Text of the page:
The Pitch: “One does a whole painting for one peach and people think just the opposite – that particular peach is but a detail.” — Pablo Picasso
The Review: I’ve been writing this blog for seven years now. I say writing, I used to churn out a thousand words of incisive wit every other day and now I spend most of my time talking about films on radio rather than writing on them here. Foolishly, because I’m clearly so good at committing to writing, I’d love to start a food blog at some point, having developed a love of cooking that finally matches my love of eating over the past twenty years. When I went to university twenty-five years ago my entire repertoire consisted of cottage pie with tinned mince, roast potatoes and a passable apple crumble. Now my love of cookery is almost as well travelled as my love of cinema: these days I’ll attempt food from almost as many cultures as those from which I sample films.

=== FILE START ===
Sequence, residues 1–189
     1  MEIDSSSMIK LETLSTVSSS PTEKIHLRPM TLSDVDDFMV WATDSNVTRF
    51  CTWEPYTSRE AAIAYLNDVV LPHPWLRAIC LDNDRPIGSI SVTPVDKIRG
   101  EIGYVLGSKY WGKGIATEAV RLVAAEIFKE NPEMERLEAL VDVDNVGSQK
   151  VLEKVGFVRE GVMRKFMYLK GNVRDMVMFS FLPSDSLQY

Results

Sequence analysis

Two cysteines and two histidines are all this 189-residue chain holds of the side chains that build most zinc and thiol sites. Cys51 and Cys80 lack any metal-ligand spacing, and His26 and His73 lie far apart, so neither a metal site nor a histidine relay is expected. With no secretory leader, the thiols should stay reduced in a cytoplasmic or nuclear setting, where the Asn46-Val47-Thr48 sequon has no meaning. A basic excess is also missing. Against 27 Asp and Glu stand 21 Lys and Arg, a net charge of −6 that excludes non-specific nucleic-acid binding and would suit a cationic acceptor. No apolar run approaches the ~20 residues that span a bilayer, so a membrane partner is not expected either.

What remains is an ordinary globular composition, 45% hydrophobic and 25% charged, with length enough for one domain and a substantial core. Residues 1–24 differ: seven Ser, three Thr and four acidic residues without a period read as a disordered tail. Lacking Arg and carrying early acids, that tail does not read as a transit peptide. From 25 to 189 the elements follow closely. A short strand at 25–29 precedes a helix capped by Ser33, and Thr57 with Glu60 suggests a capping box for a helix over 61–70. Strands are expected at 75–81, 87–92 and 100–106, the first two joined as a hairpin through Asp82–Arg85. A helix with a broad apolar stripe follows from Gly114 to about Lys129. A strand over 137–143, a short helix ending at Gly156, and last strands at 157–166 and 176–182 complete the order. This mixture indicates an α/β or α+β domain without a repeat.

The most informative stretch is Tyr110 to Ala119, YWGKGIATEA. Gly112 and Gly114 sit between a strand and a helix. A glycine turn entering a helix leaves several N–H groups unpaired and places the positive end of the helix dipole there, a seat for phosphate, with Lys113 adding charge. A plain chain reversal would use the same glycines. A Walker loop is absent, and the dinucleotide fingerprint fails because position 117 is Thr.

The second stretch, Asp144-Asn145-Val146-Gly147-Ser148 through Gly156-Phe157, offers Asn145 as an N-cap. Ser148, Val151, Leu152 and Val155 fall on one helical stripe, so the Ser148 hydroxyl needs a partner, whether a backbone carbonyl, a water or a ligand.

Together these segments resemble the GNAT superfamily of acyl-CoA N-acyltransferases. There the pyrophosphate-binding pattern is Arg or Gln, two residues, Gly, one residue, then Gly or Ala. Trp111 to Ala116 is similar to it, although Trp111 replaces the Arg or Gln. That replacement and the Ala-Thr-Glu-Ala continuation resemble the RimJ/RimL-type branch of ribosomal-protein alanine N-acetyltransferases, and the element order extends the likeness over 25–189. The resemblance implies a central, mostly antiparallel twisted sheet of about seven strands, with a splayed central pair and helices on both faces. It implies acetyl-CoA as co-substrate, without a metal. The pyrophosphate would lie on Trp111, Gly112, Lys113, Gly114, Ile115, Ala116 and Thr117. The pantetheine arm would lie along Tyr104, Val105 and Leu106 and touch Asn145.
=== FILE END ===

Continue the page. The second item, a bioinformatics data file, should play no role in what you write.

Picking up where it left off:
One particular fondness I’ve developed is for Italian cuisine. Forget sloppy spag bols with sauce out of a jar or last night’s reheated pizza, the best Italian food uses a handful of ingredients but makes sure they are of the highest quality. Clearly you can guess where I’m going with this food-based metaphor, but it’s a perfect fit for Luca Guadagnino’s latest film, an adaptation of Andre Aciman’s novel. Originally due to be co-directed by James Ivory, famous for his British period dramas produced by Ismail Merchant, Ivory instead sold the script to Guadagnino to keep the financiers happy, and it’s allowed CALL ME BY YOUR NAME to retain a simple, pure focus.